by Victoria Hulse
Library Media Specialist
Webmaster for CTCTE
The literary canon--a “sacred” phrase to English teachers. Novels that have stood the test of time such as The Great Gatsby, Of Mice and Men, Great Expectations, and let’s not forget anything by Shakespeare. Yes, as English teachers we want students to read “good” literature, but why are these the stories we’re promoting? I recently reflected on my own experiences in high school English. I was exposed to Canterbury Tales, Walden, The Scarlet Letter, and more. I enjoyed English class, but that was because of the teachers--not because of what they were actually teaching. Frankly, I didn’t read most of the assigned texts in high school.
As a young child, I was an avid reader. I have lucid memories of visiting bookstores like Waldenbooks and Barnes and Noble with my parents. The smell of the stores was intoxicating. Everyone knew how much I loved to read--so much that I can recall a birthday where I received over $200 in gift certificates to Barnes and Noble; and this excited me to no end. So if I loved reading so much, what happened in high school?
Ultimately, it comes down to this. I couldn’t relate to the literature. We often didn’t read stories about things I understood or to which I could relate. Predominantly, I read novels written by “dead white men”. I attempted to read many assigned books in high school and can recall thinking “This is sooooo boring” or “The characters in these stories are insane”. So I would refer to the Cliff Notes or skim read, and that ended up being more than enough to get excellent grades in high school English class. But this doesn’t still happen, does it?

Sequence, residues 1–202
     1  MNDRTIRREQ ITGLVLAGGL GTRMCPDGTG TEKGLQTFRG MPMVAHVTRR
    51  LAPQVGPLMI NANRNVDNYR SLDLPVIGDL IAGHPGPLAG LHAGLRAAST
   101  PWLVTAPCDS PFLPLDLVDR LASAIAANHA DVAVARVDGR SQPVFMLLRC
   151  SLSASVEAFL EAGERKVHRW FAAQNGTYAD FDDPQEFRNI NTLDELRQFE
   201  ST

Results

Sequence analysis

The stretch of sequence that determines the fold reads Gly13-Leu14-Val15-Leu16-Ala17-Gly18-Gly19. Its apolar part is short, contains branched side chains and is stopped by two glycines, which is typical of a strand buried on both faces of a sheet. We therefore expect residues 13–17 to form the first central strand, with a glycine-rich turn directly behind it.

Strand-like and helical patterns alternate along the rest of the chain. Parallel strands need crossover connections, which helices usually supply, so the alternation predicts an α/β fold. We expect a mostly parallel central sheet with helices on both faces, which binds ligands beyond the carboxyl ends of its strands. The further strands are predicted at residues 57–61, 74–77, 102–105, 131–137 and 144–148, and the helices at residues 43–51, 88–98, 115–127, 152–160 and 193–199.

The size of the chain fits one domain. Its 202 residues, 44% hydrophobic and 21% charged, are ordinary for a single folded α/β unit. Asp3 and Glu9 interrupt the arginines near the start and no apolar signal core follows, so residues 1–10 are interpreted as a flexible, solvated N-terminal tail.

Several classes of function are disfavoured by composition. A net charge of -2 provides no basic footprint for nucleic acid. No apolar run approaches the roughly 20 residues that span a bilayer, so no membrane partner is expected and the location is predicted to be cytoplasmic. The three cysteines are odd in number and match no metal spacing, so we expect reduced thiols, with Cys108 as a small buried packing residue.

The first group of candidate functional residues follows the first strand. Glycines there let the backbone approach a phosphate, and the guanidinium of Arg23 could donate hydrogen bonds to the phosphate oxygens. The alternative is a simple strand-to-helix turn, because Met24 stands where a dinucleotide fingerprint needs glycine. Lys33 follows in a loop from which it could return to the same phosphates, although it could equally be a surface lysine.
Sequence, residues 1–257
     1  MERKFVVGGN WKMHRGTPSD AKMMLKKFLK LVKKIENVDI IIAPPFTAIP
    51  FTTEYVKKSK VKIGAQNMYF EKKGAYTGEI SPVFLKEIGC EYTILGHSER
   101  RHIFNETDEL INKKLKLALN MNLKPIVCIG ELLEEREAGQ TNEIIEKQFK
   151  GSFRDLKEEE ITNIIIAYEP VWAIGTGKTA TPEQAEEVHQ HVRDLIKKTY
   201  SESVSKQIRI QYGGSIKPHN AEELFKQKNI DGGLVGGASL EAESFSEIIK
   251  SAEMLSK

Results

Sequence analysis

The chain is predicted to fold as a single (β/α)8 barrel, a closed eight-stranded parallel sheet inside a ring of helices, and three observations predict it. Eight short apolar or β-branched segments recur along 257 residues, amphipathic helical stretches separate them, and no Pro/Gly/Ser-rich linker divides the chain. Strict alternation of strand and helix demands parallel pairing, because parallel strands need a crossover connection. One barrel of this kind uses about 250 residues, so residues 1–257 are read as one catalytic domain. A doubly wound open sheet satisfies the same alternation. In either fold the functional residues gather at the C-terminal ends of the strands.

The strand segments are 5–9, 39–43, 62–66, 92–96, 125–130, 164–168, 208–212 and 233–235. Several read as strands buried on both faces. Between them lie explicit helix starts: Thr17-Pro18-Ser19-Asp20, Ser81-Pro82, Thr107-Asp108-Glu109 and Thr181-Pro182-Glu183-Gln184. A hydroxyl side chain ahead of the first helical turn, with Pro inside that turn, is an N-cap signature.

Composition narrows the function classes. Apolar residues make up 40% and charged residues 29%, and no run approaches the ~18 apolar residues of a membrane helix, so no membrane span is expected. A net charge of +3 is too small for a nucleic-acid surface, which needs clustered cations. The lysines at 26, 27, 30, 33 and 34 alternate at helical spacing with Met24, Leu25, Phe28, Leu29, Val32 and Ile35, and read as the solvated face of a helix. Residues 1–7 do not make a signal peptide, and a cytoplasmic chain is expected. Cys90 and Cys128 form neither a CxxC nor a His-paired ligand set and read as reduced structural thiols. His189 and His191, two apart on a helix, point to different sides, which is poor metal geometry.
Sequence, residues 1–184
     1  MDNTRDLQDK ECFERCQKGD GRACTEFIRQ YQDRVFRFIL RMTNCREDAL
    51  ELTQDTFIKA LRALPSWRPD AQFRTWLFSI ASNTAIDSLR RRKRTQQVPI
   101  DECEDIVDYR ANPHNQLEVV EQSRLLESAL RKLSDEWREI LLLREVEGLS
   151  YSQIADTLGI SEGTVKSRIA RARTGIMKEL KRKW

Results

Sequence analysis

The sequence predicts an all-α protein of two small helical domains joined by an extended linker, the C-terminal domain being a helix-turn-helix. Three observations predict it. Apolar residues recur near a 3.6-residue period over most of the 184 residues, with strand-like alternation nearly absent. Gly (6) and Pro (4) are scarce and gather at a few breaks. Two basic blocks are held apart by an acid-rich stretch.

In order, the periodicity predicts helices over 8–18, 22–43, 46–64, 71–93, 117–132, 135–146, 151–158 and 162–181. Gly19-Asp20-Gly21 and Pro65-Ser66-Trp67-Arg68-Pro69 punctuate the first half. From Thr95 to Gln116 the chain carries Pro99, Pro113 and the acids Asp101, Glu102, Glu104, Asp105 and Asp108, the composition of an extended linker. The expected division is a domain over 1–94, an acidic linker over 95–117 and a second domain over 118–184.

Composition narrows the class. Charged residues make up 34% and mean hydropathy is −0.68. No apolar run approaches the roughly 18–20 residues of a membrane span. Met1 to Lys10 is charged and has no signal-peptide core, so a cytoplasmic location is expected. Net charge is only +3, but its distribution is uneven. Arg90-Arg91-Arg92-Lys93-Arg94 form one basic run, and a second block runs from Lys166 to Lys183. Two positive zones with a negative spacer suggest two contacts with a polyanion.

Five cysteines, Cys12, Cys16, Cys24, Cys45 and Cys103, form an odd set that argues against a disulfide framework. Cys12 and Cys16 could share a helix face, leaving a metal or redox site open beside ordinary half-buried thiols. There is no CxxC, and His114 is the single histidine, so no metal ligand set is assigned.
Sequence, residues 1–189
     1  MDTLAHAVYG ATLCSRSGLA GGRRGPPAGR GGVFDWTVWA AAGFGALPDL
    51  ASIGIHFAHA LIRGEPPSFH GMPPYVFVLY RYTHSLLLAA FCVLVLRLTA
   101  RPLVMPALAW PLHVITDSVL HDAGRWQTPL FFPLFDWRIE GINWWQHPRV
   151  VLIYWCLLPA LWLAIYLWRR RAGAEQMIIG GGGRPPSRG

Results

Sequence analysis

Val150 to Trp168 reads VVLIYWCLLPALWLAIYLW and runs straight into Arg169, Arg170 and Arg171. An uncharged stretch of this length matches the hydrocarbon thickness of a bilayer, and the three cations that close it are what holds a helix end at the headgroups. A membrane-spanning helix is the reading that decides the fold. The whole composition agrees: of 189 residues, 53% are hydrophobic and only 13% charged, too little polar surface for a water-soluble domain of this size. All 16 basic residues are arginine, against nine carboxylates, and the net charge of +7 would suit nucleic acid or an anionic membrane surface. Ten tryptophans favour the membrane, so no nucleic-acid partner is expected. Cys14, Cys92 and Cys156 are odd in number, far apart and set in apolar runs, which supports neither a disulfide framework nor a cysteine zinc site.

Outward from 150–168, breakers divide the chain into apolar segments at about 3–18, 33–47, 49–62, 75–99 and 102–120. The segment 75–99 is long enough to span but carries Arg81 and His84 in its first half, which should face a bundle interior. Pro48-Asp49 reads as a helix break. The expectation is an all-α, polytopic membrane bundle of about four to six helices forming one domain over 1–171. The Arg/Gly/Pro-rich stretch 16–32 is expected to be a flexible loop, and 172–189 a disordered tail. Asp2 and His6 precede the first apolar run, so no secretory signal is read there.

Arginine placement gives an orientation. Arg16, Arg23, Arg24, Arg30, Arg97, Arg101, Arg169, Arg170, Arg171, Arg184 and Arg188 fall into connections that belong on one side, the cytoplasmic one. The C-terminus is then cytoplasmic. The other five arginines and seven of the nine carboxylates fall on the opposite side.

Students are still being assigned many of the same classic texts that my own parents and I read in high school. And frankly, they are still not reading them, which implies “Nothing important is happening because student development of reading and interpretive abilities requires engaged reading” (Broz 2011, 15). English teachers obviously don’t want this to happen, so why are we resistant to change the books we assign? I’m not promoting the idea of abandoning the literary canon altogether as it is referenced frequently in the Common Core Standards. In Book Love Penny Kittle argues “We need to balance pleasure with challenge, increasing volume for all readers and setting up an environment in our classroom that manages kids as they choose books, set goals, and develop a reading habit” (8). I strongly believe that we should allow students an opportunity to choose something they would like to read. There is a world full of wonderful stories, both fiction and nonfiction, that students are not exposed to because there isn’t time. But is there? What if we abandon one assigned text a year and give students the opportunity to personalize their learning by choosing a book? Would it be so terrible if students read books of their own choosing such as The Hate U Give, Laughing at my own Nightmare or Love Hate and Other Filters? Maya Angelou is reported to have said, “Any book that helps a child form a habit of reading, to make reading one of his deep and continuing needs, is good for him.” Let’s find time in our curriculum to allow students the power to choose what they read. Perhaps our students will then truly develop a love for reading, and ultimately, become better readers.
Citations and Recommended Resources:
“Not Reading: The 800-Pound Mockingbird in the Classroom” William J. Broz
Book Love by Penny Kittle
The Top Five Reasons We Love Giving Students Choice in Reading
Connecting the Canon to Current Young Adult Literature
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